12. ^ a b "Aphasia". National Institute on Deafness and Other Communication Disorders (NIDCD).
  13. ^ a b "Aphasia: Roles and responsibilities". American Speech-Language-Hearing Association.
  14. ^ Goodglass, H.; Kaplan, E.; Barresi, B. (2001). Boston Diagnostic Aphasia Examination. Austin, TX: PRO-ED, Inc.
  15. ^ Kereesz, A. (2006). Western Aphasia Battery. San Antonio, TX: Pearson.
  16. ^ Holland, A.L.; Fromm, D.; Wozniak, L. (2018). Communication Activities in Daily Living (CADL-3) (3rd ed.). Alberta, Canada: Brijan Resources.
  17. ^ McNeil, M.M.; Prescott, T.E. (1978). Revised Token Test. Austin, TX: PRO-ED, Inc.
  18. ^ a b c d e "Assessment Tools, Techniques, and Data Sources". American Speech-Language-Hearing Association.
  19. ^ a b Bates, B.; Choi, J.; Duncan, P.W.; Glasberg, J.J.; Graham, G.D.; Katz, R.C....; Zorowitz, R. (2005). "Veterans affairs/department of defense clinical practice guideline for the management of adult stroke rehabilitation care". Stroke. 36 (9): 2049–2056. doi:10.1161/01.STR.0000180432.73724.AD. PMID 16120847.
  20. ^ Bhogal, S.K.; Teasell, R.; Speechley, M. (2003). "Intensity of aphasia therapy, impact on recovery". Stroke. 34 (4): 987–993. doi:10.1161/01.STR.0000062343.64383.D0. PMID 12649521.
  21. ^ a b Nouwens, F.; Visch-Brink, E.G.; Van de Sandt-Koenderman, M.M.E.; Dippeo, D.W.J; Kaudstaal, P.J.; de Law, L.M.L. (2015). "Optimal timing for speech and language therapy after stroke: More evidence needed". Expert Review of Neurotherapeutics. 15 (8): 885–893. doi:10.1586/14737175.2015.1058161. PMID 26088694.
  22. ^ "Life Participation Approach to Aphasia: A Statement of Values for the Future". American Speech-Language-Hearing Association.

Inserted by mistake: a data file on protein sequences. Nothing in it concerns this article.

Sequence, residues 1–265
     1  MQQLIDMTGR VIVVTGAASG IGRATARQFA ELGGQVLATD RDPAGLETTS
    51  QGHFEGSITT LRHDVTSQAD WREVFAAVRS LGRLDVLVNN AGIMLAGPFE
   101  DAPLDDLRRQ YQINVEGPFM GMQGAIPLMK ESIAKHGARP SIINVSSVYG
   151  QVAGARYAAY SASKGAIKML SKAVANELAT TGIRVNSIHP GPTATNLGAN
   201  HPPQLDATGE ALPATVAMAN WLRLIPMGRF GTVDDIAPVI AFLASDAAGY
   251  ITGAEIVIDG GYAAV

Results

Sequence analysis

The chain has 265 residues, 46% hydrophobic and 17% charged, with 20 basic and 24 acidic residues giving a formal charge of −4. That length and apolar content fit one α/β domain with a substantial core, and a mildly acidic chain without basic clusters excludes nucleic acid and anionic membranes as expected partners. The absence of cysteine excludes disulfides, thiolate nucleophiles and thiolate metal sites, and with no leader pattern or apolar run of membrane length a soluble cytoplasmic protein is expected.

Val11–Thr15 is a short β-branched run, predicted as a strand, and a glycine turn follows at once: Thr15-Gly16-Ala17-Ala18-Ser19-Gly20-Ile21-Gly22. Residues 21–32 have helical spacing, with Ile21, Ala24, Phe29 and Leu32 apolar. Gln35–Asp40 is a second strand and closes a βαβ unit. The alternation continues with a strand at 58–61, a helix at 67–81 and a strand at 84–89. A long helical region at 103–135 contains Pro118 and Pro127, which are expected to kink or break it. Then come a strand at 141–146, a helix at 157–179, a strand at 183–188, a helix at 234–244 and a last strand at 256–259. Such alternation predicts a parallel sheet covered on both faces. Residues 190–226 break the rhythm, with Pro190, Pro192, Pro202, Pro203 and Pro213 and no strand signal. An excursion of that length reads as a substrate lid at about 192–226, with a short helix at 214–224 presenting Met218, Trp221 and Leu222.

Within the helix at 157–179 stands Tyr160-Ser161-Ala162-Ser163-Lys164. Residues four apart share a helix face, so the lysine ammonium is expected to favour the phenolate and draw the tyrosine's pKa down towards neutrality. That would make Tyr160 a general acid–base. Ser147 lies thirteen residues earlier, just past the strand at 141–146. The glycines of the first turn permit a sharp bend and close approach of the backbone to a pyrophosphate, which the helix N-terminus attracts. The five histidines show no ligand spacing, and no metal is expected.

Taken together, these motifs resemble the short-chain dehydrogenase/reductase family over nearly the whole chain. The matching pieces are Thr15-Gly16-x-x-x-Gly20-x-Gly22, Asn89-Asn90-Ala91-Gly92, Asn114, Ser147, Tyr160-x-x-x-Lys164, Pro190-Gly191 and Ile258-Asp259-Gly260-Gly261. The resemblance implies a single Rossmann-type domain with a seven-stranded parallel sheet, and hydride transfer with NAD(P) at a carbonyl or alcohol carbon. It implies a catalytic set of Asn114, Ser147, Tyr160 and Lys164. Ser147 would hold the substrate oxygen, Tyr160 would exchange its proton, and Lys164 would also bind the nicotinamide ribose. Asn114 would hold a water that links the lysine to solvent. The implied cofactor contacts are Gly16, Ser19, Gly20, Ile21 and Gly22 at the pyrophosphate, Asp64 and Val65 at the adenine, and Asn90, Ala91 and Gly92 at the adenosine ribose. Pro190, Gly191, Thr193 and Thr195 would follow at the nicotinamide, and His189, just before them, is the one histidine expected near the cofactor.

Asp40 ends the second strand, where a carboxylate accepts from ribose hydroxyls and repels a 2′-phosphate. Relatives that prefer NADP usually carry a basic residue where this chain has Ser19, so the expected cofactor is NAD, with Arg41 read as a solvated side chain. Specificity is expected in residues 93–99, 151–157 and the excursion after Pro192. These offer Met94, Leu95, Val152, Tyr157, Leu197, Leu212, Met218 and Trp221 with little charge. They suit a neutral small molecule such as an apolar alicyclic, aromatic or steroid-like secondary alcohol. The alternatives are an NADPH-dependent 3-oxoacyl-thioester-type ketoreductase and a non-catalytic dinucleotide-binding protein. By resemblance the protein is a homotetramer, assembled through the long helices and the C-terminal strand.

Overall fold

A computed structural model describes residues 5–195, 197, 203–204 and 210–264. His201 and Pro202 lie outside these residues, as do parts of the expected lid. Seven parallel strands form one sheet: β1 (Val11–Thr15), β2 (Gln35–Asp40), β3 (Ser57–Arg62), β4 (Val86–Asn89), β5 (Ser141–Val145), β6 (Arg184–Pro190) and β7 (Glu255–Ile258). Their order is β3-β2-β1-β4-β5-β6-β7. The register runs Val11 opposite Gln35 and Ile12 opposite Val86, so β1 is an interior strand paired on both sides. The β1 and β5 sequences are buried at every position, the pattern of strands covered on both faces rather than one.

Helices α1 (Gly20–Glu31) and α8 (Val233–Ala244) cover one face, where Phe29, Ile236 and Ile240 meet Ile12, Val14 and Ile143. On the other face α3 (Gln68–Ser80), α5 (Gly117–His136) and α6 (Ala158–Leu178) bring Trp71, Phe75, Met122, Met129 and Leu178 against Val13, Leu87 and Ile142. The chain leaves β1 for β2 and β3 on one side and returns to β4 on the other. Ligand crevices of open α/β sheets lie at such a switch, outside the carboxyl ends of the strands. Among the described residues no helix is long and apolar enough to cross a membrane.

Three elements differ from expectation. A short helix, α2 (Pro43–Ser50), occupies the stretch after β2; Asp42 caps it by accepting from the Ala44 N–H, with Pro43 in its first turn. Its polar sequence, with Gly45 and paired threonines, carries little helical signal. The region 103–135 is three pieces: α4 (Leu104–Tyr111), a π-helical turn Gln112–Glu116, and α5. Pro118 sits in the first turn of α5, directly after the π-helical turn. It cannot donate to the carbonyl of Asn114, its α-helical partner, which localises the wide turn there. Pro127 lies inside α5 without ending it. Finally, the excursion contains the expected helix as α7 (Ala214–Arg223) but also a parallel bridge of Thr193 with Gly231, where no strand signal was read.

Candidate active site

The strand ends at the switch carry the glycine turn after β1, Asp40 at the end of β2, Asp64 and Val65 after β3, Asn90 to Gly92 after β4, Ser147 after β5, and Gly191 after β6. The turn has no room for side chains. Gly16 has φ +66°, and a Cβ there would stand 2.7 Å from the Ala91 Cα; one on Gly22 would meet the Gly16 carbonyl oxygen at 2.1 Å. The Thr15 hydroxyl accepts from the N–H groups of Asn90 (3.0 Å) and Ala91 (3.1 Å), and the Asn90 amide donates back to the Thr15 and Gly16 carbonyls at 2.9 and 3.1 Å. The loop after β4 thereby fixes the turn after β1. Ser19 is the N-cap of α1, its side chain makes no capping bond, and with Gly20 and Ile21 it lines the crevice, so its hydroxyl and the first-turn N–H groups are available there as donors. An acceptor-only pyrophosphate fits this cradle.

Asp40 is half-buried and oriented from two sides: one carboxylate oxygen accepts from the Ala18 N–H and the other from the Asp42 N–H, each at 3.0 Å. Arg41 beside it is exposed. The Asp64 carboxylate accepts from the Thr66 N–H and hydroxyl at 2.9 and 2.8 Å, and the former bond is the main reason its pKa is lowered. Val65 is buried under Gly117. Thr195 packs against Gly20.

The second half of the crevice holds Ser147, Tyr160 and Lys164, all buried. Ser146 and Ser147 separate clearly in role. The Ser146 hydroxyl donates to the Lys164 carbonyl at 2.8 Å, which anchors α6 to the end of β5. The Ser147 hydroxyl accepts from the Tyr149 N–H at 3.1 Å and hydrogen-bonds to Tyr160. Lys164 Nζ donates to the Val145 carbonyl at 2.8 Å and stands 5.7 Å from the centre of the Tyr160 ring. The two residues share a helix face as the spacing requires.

23. ^ a b Bayles, K.A.; Tomodea, C.K. (2010). "Neuroplasticity: Implications for treating cognitive communication disorders". ASHA National Convention.
  24. ^ a b Thomson, C.K. (2000). "Neuroplasticity: Evidence from aphasia". Journal of Communication Disorders. 33 (4): 357–366. doi:10.1016/S0021-9924(00)00031-9. PMC 3086401. PMID 11001162.
  25. ^ Raymer, A.M.; Beeson, P.; Holland, A.; Kendall, D.; Maher, L.M.; Martin, M.; Gonzolez Rothi, L.J. (2008). "Transitional research in aphasia: From neuroscience to neurorehabilitation". Journal of Speech, Language, and Hearing Research. 51: 259–275.
  26. ^ Boyle, M.; Coelho, C.A. (2004). "Semantic feature analysis treatment for anomia in two fluent aphasia syndromes". American Journal of Speech-Language Pathology. 13 (3): 236–249. doi:10.1044/1058-0360(2004/025). PMID 15339233.
  27. ^ a b c d e f g Manasco, H. (2021). Introduction to neurogenic communication disorders. Burlington, Massachusetts: Jones & Bartlett Learning.
  28. ^ a b LaPointe, L. (2005). Aphasia and Related Neurogenic Language Disorders (3rd ed.). New York, NY: Thieme Medical Publishers Inc.
  29. ^ a b Davis, G.A. "Aphasia Therapy Guide". National Aphasia Association.
  30. ^ Keefe, K.A. (1995). "Applying basic neuroscience to aphasia therapy: What the animals are telling us". American Journal of Speech-Language Pathology. 4 (4): 88–93. doi:10.1044/1058-0360.0404.88.

Further readingEdit

  • Klein, Stephen B., and Thorne. Biological Psychology. New York: Worth, 2007. Print.
  • Saladin, Kenneth S. Anatomy & Physiology: the Unity of Form and Function. New York: McGraw-Hill Higher Education, 2010. Print.

External linksEdit

Classification